3. Thinking Suppliers Beyond the Price- Suppliers will have visibility of all the steps in the  procurement cycle to help in getting the best pricing and reducing the risk quotient. This plan stands for a focused, smart and effective method of measuring, analyzing and improving supplier performance and reducing costs, increasing efficiency, enhancing vendor customer relationship, enhancing performance, preventing product issues and driving improvements in the supply chain.
  4. Risk Management- 65% of the procurement companies has little or no visibility in their supply chain.
  5. Indirect Spending- Indirect spending or tail spending follows the 80/20 rule, i.e., it constitutes 20% of the organization spent and involves 80% of the suppliers.
  6. Artificial Intelligence- Procurement teams will design and deliver intelligent robots to complete most procurement tasks with minimal human intervention. This will speed up the procurement process and minimize human error.
  7. Effective Change Management- In 2019, more organizations will focus on a smooth change management plan through increased focus on regular communication with the employees; engage them through the process and by providing training and support. Having proper support by management is key to running a successful procurement company.

Per Zycus, as procurement is gaining more strategic importance within an organization, the expectations from this function are also increasing. This year, procurement function will continue to deliver on traditional cost savings while focusing heavily on digital technologies and supplier synergies. Overall 2019 seems like a promising year full of challenges and opportunities for procurement to undertake. This is a great time to try the procurement world if you haven’t already. It’s growing and becoming a huge part of how people do business. We save our customers thousands of dollars every month.

For more information on how SafeSourcing can help in your procurement efforts, or on our Risk Free trial program, please contact a SafeSourcing Customer Service Representative. We have an entire team ready to assist you today.

References……………………………………

https://www.zycus.com/blog/procurement-technology/7-procurement-trends-2019.html

 

 

 

 

How to tell when you need to simplify your processes

Friday, October 2nd, 2020

 

Today’s post is our archives at SafeSourcing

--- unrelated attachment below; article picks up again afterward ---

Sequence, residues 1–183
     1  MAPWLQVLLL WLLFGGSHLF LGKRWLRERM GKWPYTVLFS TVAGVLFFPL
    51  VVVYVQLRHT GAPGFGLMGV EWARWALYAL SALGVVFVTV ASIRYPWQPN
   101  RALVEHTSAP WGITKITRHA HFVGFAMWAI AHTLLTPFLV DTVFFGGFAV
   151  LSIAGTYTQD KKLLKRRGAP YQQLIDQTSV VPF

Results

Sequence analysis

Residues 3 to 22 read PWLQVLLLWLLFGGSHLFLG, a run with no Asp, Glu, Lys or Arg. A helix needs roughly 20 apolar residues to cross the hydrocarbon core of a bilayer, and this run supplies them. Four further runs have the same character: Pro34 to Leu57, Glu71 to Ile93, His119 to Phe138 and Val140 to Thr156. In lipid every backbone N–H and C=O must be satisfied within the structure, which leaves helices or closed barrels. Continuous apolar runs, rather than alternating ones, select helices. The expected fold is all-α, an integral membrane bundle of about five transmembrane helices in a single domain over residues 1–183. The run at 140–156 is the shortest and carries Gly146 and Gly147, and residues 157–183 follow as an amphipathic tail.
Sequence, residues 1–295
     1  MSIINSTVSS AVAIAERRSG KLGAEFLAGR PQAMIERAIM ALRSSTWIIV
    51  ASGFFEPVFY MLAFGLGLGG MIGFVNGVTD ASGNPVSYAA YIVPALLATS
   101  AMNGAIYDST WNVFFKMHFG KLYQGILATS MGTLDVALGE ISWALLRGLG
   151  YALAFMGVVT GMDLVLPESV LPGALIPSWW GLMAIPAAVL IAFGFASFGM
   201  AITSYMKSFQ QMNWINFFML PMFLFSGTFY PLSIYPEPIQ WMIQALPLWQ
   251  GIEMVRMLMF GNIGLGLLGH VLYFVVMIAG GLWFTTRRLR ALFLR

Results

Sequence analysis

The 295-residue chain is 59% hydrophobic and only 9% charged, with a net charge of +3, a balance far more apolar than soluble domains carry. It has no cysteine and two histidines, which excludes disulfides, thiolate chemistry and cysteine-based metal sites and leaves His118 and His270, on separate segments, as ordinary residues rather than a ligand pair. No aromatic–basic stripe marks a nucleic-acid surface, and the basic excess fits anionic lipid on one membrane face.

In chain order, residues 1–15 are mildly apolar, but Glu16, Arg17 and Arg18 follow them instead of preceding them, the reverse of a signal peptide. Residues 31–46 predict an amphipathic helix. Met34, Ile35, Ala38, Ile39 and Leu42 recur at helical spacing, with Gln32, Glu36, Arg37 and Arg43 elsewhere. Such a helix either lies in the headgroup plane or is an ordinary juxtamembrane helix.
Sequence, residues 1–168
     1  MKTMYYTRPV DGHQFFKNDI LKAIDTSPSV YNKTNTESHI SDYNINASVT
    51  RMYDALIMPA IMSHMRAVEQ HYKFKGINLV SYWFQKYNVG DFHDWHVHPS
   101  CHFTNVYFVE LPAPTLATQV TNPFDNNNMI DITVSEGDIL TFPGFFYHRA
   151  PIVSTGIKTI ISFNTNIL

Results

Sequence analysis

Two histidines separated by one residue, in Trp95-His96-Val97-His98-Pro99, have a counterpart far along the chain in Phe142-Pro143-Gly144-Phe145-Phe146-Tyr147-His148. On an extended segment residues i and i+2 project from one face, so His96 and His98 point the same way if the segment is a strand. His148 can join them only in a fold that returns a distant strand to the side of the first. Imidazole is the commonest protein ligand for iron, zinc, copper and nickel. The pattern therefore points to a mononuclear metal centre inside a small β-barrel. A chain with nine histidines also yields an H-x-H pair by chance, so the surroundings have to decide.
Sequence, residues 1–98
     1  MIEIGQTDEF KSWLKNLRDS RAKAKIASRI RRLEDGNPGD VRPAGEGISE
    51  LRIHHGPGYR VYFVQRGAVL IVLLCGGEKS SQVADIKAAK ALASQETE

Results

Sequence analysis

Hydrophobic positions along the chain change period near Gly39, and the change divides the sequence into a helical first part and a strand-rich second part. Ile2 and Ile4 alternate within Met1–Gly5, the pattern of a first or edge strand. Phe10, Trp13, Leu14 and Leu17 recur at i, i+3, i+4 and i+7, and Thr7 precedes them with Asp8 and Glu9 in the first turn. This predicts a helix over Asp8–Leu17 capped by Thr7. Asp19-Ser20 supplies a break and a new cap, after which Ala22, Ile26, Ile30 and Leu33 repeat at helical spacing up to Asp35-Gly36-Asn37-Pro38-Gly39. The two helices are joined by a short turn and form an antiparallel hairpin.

Finding the right balance of complexity in your processes is a tough thing to juggle for businesses large and small. I’ve worked in companies where you literally had to read through and comply with hundred page manuals for every email sent, phone call made, or lunch break taken. On the other end of the spectrum, were companies who had so little structure that no one had any idea what standard procedures were, roles were not identified, and whether or not you were performing well was determined more by the owner’s mood than any objective metric.

The problem is similar to the dilemma of Emergent vs. Deliberate strategy[1]. Each side of the argument carries its own merits; highly process oriented organizations are usually highly efficient, and low risk. The tradeoff however, is that adaptability and innovation suffers. The more flexible and open ended your process, and the more you give your team the authority to deviate from those processes, the more they are able to deal with crisis, unexpected changes, or to innovate in order to meet the needs of the business. So how do we determine if our organization is leaning too far in one direction?

A basic rule of thumb is:

If the cost of your process > the value of the process, you may need to re-balance.

This of course, requires that you have a correct understanding of the cost of all your processes.

Many businesses have a hard time wrapping their heads around the true process capacity of their workforce. Typically this results from not having an up to date or objective measurement of all processes rate of finite resource consumption. Do you have an accurate listing of every activity performed by each member of your team? Have you found averages for all costs of each of these activities, in time, money, and materials? Most likely each of your team positions specializes in a certain activity, and will be aware of activities associated with executing that position that no one else is. Performing this evaluation will identify your process capacity “budget” if you will. And of course, all things that consume finite resources must have a budget of that resource.

Once you have a clear and objective picture of your activity costs, you can evaluate the costs and value inherent in your processes. Do you have redundant processes that only add marginally increased value? Do you have processes so narrow in scope that a large number of activities get bypassed? Do you have activities whose execution is so sensitive that a miss-step would shut down your business? You may need to add processes or capabilities that eliminate these risks (For more on that topic, see my blog “Mistake-proofing your business”).

In summary:

  1. Objectively measure your organization’s process capacity
  2. Evaluate the cost to benefit balance of your processes
  3. Appropriately budget your process capacity to maximize overall value/decrease risk

For more information on how SafeSourcing can assist your team with this process or on our “Risk Free” trial program, please contact a SafeSourcing Customer Service Representative.

We have an entire customer services team waiting to assist you today.

[1] “Balancing Deliberate vs. Emergent Strategy: SafeSourcing …” 2015. 15 Dec. 2015 <http://blog.safesourcing.com/2015/06/01/balancing-deliberate-vs-emergent-strategy/>